To our consternation, our mode of transportation turned out to be a 9.75-metre-long 'sampan' equipped with a 15-horsepower engine, which could fit only five people and had nothing to shelter them from the searing heat.

However, whatever anxiety or discomfort we had felt earlier disappeared when we listened to the chirping of birds and started to feast our eyes on the swathes of rainforest through which the river flowed.

 

Delhi Diary: "Fugitive" Billionaire Ignites War Of Words In India

By Shakir Husain

NEW DELHI (Bernama) -- A "fugitive" billionaire has ignited a war of words in India after saying he met the country's finance minister before leaving in March 2016.

Vijay Mallya, now living in Britain, was a politically influential Indian tycoon who controlled a huge alcohol business and the defunct Kingfisher Airlines.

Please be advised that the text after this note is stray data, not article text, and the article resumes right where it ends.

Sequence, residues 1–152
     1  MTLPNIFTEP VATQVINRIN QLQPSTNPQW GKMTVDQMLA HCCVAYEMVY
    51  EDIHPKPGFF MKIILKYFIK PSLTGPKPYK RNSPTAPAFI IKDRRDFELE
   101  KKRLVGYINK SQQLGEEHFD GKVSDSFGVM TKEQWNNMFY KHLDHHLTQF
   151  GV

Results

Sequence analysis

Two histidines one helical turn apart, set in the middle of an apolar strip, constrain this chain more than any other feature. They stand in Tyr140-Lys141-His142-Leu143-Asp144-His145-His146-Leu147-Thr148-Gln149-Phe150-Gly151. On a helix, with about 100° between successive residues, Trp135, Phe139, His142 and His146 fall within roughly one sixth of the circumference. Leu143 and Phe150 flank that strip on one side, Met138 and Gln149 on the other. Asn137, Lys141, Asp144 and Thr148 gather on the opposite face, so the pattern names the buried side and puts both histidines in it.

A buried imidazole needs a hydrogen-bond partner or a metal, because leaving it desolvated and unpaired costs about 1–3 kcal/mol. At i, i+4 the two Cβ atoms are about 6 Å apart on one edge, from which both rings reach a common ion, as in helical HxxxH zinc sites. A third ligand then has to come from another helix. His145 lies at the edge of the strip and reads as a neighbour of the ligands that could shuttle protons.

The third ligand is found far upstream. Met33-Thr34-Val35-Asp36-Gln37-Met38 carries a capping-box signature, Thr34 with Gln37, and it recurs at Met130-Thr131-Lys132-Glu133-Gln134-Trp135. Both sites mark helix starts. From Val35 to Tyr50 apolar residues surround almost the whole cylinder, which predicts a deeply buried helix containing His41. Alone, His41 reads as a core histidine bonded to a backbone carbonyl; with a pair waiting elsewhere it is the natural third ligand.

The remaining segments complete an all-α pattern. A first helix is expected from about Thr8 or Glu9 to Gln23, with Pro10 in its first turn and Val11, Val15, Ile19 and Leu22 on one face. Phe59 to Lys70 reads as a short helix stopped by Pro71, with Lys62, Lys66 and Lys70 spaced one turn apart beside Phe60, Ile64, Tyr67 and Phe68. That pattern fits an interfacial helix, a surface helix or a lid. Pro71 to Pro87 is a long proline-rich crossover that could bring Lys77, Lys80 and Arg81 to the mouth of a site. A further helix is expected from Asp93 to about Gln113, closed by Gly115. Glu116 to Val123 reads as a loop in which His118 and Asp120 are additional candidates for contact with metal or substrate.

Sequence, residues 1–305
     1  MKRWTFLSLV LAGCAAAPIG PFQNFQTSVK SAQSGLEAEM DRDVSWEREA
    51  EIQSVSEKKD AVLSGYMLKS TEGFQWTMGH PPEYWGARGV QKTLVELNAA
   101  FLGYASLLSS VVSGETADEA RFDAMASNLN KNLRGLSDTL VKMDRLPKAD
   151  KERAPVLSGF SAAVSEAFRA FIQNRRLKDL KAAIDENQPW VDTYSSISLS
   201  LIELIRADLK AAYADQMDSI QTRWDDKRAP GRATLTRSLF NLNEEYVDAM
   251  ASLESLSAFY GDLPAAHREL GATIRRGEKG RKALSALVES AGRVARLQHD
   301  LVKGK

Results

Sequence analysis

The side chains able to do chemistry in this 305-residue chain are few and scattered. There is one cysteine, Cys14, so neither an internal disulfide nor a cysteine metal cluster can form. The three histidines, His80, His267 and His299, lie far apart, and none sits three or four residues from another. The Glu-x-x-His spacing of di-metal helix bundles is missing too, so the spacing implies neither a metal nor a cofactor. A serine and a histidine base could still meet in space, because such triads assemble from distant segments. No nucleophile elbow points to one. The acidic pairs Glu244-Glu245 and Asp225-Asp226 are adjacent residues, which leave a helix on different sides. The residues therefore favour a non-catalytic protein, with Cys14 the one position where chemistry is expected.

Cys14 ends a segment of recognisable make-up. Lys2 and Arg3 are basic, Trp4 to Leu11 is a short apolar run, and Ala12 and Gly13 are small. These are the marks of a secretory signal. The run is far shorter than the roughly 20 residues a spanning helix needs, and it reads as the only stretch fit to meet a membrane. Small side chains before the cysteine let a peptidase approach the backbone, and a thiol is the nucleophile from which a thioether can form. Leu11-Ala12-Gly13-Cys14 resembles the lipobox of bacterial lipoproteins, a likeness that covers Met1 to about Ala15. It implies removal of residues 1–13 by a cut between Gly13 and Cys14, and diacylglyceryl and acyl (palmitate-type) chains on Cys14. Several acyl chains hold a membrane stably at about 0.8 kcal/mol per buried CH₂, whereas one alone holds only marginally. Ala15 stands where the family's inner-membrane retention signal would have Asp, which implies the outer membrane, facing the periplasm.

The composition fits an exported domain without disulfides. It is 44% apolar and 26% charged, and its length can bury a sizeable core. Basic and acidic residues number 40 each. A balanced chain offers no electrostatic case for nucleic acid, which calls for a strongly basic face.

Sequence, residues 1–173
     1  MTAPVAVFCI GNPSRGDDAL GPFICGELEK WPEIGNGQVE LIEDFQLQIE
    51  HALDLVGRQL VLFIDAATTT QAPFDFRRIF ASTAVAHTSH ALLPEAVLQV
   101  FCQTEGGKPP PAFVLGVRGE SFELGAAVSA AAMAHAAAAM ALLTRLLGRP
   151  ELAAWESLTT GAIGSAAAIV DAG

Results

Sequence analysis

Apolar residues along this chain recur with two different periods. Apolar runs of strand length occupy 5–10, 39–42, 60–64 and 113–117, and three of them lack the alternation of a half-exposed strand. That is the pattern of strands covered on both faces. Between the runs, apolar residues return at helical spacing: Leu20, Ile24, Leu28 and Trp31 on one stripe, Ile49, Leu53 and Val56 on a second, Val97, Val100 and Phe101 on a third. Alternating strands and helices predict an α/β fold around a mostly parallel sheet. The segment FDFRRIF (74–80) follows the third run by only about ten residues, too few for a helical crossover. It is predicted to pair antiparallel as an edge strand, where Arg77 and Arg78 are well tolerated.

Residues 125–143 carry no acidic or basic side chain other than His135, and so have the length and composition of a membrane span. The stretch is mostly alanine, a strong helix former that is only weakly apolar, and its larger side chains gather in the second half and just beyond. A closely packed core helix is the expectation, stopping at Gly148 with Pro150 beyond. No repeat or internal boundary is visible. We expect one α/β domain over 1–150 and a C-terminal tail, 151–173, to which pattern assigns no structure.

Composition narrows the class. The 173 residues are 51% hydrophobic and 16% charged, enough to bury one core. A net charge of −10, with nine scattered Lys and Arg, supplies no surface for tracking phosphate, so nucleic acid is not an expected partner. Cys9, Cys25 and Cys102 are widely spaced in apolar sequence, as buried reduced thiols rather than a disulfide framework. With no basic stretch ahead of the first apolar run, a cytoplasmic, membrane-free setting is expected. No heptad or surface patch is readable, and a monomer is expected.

The Indian government is seeking his return while local banks are trying to recover about US$1 billion from the 62-year-old businessman.

Appearing before a London court recently in connection with his extradition case, Mallya made some remarks which potential impact he may not have realised.

"I left because I had a scheduled meeting in Geneva. I met the finance minister before I left, repeated my offer to settle with the banks. That is the truth," Mallya told the media when asked if he was "tipped off" to leave India.

 

 

Monsoon Brings Giant Prawn Bounty

By Remar Nordin

KOTA TINGGI (Bernama) --Not all fishermen will lose their income during the monsoon season.

The fishermen at Kampung Makam have another source of income to turn to during the season – and it is a lucrative one at that.

The village is located in the middle of the Kota Tinggi town. It is a favourite fishing destination for avid anglers as the Johor River runs by the village.